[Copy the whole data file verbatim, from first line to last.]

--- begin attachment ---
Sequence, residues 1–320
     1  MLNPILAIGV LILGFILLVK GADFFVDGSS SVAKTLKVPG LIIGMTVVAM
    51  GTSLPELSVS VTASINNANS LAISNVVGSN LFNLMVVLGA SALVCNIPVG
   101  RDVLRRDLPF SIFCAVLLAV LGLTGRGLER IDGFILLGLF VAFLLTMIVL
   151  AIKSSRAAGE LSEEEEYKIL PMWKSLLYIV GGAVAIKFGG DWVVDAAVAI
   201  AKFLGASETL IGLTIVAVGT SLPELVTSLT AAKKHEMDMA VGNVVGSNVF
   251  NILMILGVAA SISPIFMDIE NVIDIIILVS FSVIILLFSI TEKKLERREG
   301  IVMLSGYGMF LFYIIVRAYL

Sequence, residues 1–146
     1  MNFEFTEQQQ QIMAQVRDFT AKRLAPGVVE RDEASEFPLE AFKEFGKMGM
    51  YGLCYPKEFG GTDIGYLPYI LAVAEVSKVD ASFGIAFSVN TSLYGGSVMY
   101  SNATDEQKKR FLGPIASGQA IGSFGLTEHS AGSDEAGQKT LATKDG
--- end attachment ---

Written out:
Sequence, residues 1–320
     1  MLNPILAIGV LILGFILLVK GADFFVDGSS SVAKTLKVPG LIIGMTVVAM
    51  GTSLPELSVS VTASINNANS LAISNVVGSN LFNLMVVLGA SALVCNIPVG
   101  RDVLRRDLPF SIFCAVLLAV LGLTGRGLER IDGFILLGLF VAFLLTMIVL
   151  AIKSSRAAGE LSEEEEYKIL PMWKSLLYIV GGAVAIKFGG DWVVDAAVAI
   201  AKFLGASETL IGLTIVAVGT SLPELVTSLT AAKKHEMDMA VGNVVGSNVF
   251  NILMILGVAA SISPIFMDIE NVIDIIILVS FSVIILLFSI TEKKLERREG
   301  IVMLSGYGMF LFYIIVRAYL

Sequence, residues 1–146
     1  MNFEFTEQQQ QIMAQVRDFT AKRLAPGVVE RDEASEFPLE AFKEFGKMGM
    51  YGLCYPKEFG GTDIGYLPYI LAVAEVSKVD ASFGIAFSVN TSLYGGSVMY
   101  SNATDEQKKR FLGPIASGQA IGSFGLTEHS AGSDEAGQKT LATKDG